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A Long Overdue Update

March 26, 2011

Well, I’ve just looked at the site and discovered that we haven’t done a proper entry on the blog since early January, so I thought I’d better seize the moment and write something of what we’ve been up to over the past couple of months and bring you up to date on our activities since we got back to Gouvia.

As mentioned before, we had a busy time in UK & Ireland, (J has now listed everyone of the 75 family and friends we saw during our trip, and then there was various admin to take care of as well eg. Registering with a new GP, visiting the dentist, our house agents, our solicitor and the bank!  It was non-stop. We flew into Gatwick via Athens on 14 January, travelled round the south, Wales, south west and north west England before visiting Dublin.  We then trekked over to East Anglia and Kent before heading back over the Channel to Dunkirk.

Rampage is lifted out for maintenance - it really is only about 12 inches on either side of her! Respect to the crane driver.

 

The drive south to Bari was long and mostly uninteresting.  I’m not sure that we’ll do it again, as the main rationale for driving was to bring back the new sails, which were, in the event, delivered late and were shipped direct to Corfu for us by the sailmakers.  Anyhow, we got to Bari in southern Italy in nice time to catch the ferry to Corfu, which we’d booked via a travel agent in Preveza.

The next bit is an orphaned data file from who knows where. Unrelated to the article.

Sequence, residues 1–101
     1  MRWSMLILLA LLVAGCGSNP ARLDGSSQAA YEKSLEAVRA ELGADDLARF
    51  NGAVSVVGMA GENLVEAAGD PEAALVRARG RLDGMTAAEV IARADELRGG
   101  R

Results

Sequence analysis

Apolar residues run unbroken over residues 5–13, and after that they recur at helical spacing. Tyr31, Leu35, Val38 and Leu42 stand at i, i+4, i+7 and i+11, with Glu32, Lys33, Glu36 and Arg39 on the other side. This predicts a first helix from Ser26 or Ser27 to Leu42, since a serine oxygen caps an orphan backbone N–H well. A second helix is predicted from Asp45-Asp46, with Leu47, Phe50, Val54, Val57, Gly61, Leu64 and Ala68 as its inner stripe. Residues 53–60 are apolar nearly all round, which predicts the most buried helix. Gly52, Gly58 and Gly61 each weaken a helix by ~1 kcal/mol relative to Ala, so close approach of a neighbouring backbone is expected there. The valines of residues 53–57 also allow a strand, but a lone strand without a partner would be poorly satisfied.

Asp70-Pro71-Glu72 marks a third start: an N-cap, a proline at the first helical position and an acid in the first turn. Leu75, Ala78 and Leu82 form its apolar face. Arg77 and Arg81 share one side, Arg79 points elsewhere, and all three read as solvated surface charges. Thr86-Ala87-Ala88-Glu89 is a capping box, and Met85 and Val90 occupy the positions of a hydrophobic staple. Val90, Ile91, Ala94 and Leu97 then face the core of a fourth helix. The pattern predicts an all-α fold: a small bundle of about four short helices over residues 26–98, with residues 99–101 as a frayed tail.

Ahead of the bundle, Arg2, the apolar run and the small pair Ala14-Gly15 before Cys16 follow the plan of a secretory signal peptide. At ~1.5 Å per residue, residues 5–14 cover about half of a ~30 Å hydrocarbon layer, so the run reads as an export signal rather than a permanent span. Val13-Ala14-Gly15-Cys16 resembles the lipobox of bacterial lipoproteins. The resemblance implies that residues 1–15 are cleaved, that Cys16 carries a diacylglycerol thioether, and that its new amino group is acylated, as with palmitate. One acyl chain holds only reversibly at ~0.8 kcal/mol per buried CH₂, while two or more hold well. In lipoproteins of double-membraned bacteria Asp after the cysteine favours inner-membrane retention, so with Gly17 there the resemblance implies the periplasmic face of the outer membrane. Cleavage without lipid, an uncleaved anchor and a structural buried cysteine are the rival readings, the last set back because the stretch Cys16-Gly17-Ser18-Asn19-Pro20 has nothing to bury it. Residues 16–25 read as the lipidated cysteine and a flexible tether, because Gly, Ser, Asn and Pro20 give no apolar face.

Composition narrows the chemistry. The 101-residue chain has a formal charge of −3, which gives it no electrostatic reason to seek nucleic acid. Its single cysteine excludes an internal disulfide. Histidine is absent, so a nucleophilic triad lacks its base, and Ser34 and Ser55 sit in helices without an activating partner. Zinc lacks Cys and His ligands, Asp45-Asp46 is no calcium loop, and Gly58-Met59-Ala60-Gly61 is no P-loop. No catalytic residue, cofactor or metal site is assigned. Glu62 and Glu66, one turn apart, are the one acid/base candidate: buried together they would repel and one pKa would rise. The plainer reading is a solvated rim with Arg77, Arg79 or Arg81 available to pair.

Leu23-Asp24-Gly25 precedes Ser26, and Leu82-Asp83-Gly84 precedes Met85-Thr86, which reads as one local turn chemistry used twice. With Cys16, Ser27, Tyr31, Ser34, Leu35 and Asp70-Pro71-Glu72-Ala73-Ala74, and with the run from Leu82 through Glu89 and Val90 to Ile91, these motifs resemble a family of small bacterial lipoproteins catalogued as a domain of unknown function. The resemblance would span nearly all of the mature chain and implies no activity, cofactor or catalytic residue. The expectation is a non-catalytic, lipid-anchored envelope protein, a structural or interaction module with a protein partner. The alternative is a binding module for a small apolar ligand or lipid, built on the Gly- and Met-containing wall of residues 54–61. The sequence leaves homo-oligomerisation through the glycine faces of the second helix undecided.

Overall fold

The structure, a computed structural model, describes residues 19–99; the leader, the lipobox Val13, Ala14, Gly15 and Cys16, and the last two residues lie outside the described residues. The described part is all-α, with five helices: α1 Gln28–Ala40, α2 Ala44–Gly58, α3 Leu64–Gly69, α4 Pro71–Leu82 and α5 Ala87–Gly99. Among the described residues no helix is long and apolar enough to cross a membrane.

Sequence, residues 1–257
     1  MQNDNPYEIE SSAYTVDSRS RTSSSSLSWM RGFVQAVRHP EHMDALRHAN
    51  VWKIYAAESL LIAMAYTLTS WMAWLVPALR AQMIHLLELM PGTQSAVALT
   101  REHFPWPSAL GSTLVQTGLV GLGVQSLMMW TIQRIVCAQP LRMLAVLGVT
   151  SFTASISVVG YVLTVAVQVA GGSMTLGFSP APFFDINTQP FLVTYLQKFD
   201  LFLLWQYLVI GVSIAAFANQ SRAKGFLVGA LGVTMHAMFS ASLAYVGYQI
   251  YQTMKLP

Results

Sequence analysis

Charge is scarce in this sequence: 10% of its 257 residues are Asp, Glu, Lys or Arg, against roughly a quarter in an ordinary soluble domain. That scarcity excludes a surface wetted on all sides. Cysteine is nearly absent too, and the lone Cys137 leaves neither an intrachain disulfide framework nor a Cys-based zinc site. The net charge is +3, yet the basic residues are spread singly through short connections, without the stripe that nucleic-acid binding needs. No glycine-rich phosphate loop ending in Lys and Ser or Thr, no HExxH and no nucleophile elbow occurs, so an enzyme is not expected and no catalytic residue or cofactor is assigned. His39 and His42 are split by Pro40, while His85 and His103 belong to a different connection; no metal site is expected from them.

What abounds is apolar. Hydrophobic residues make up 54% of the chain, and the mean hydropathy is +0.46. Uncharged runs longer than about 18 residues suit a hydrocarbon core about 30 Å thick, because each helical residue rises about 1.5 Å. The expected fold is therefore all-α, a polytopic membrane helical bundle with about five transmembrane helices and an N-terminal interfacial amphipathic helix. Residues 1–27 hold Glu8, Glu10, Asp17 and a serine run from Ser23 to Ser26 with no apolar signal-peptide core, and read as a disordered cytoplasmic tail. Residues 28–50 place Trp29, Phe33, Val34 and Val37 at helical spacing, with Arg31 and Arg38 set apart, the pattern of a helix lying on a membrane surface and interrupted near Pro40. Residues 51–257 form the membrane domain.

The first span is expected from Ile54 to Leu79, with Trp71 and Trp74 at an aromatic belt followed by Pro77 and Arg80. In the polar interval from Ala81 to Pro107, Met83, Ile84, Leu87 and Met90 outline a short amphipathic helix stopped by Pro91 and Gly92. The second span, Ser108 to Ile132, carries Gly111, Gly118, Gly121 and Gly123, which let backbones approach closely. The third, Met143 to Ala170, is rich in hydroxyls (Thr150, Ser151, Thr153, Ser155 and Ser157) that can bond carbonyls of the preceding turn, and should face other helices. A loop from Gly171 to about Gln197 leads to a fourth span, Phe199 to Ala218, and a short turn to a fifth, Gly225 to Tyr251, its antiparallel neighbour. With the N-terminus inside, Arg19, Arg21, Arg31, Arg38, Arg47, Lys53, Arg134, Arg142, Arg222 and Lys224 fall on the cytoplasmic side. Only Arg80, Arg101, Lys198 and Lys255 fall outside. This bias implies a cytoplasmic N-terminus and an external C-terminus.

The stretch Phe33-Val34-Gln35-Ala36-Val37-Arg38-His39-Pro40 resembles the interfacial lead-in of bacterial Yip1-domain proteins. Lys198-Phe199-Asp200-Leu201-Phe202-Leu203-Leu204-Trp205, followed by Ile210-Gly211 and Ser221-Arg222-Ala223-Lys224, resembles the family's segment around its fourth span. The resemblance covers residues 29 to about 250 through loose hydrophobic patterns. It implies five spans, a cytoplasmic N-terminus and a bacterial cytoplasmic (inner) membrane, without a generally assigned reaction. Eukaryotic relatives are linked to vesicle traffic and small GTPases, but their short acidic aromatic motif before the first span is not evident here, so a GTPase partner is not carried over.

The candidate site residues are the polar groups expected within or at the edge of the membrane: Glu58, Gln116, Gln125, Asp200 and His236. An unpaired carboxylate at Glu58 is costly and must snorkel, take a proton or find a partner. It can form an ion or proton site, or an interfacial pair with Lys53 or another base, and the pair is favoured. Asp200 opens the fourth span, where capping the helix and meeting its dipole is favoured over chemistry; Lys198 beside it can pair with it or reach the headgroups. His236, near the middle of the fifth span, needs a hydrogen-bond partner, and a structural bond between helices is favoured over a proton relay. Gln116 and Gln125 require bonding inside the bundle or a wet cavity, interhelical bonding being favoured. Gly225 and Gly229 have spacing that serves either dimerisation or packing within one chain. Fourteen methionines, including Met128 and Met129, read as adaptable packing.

I have to say I was a little worried about the whole thing, as the only evidence we had for the booking was an email from the agents with a booking reference and instructions to report to the Aegean Lines office in Bari port.  The port in Bari is large – over 2.5 km of wharfs and loading ramps with 3 separate terminals.  So, we stopped at each terminal in succession, only to be told that this wasn’t the right one, carry on a bit further.

Eventually, we got to a terminal that said “Greece” on the outside and I went in to sort things out.  No sign of an Aegean Lines desk though.  I hesitated and then noticed an electronic display board that occasionally said “Aegean Lines” in amongst all the other scribble talk.  I went up to the desk and showed the girl our reservation number – she promptly printed out tickets for us and told us the ship would start loading at 5pm – in about ½ an hour.

Having now found out which ship it was, I could have a look at her and rapidly realised that it wasn’t one of those nice big passenger ferries with loads of bars and restaurants but much more set up for the trucking trade and therefore not likely to have much on board in the way of facilities.  J and I therefore decided to go and find a supermarket to get some food and drinks for the trip, which was expected to last about 10 hours.

We then made our way back to the port and joined the queue to embark.  We got to the top of the ramp only to be told that as we were going to Corfu we would not be loaded until last, as the ship would stop in Corfu to drop us off.  So J went on board and I sat in the car until called forward about an hour later.  The seating areas in the ship were crowded, so it was as well that J had got on early and bagged us a corner seat in the bar.